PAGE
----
The Otago women’s eight set themselves apart early on in the regatta, winning their heat to advance directly to the final. Their winning time of 3.48.91 marked them out as the crew to beat as they established a margin of almost ten seconds ahead of the University of Cambridge, Great Britain.

Italy’s University of Trieste cruised to first in the other heat in 4:14, a full 35 seconds before the second place crew from Xi’an Jiatong University (CHN) meaning the Italians true speed had not yet been tested.

In the final race. Otago was able to maintain the leading position and finished in 3:48.21 while Trieste took second in 3:54.83. Cambridge and the University of London (GBR) rounded out the four boat grand final.

While the Women’s event was dominated by foreign crews, the men’s eight was a completely different story. Chinese crews from Shanghai Jiao Tong University and Wuhan University won two of the three heats in 2:57.84 and 3:14.06 respectively. Both teams had to push through some tough competition though with  Sydney University from Australia three seconds behind Shanghai Tong and Harvard University from the United States finishing barely 2.5 seconds behind Wuhan.

Princeton University (USA) also won their heat in 3:27.14, easily defeating the crew from Peking University, who finished half a minute behind them.

The final saw Shanghai and Wuhan in a battle to the line with Shanghai taking the gold in 3:09.31 and Wuhan the silver in 3:10.39. Sydney captured the bronze while Princeton finished fourth.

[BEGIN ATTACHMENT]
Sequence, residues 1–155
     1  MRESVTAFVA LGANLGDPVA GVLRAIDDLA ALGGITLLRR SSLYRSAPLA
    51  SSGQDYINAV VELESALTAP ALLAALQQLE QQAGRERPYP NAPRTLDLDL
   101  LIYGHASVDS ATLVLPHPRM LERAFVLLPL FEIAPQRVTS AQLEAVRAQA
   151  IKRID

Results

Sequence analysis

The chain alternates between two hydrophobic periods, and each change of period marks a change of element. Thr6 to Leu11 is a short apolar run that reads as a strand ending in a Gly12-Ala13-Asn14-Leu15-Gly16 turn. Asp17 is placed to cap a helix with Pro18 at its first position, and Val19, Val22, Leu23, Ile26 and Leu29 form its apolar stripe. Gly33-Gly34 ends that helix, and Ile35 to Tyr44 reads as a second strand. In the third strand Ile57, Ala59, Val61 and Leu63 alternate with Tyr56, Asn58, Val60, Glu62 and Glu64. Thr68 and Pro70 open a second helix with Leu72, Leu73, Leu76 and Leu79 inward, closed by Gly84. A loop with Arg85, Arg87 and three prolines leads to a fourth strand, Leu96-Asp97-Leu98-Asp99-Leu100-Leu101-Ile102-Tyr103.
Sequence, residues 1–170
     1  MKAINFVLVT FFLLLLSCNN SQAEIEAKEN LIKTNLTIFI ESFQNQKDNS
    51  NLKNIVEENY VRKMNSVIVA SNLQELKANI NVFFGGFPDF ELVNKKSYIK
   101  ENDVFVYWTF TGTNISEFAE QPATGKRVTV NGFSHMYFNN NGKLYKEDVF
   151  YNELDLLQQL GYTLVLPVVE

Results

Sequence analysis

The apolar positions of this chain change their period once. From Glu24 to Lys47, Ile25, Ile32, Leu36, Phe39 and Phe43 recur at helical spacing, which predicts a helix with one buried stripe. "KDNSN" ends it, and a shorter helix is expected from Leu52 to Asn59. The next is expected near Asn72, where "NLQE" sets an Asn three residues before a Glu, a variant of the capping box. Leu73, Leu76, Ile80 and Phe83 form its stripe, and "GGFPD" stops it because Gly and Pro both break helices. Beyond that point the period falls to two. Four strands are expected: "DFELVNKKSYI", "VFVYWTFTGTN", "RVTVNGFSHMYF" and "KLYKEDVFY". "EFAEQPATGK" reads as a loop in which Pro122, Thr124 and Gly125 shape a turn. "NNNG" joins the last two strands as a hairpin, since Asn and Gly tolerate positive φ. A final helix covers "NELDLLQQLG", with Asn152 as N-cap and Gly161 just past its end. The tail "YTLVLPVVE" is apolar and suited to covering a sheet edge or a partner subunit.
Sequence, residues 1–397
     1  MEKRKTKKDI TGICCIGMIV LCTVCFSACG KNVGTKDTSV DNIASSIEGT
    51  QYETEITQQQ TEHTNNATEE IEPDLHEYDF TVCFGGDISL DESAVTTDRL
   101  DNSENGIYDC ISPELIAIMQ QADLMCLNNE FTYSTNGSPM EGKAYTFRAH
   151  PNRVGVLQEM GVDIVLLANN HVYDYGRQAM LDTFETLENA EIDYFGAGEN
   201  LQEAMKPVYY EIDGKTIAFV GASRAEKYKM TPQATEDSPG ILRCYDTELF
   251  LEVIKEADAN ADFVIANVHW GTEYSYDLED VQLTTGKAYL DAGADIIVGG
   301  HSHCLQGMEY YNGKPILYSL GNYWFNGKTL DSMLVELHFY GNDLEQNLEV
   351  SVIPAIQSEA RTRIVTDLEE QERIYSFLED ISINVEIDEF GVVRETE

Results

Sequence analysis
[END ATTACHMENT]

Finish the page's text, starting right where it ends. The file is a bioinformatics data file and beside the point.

The International University Rowing Regatta, now in its 7th year has become an annual staple for some of the world’s top university clubs. This year’s event attracted competition from Australia (Sydney University), Great Britain (University of Cambridge, Durham University, University of Warwick, University of London), Italy (University of Trieste), New Zealand (University of Otago), and the United States (Harvard University, Princeton University). There was also several Chinese institutions (Central South University, Peking University, Shanghai Jio Tong University, Wuhan University, Tianjin University of Science & Technology, Xi’an Jiaotong University and Xidian University).

The racing is just a small part of what makes this event such a big deal for those who stage it. Each year the teams take part in a week long cultural exchange that fosters the sharing of innovative ideas on issues of global significance. In this regard, rowing has become one of China’s windows on the world. The links being forged are both institutional and individual as participants gain a valuable lesson on how to find common ground – or common water – between the language and cultural differences.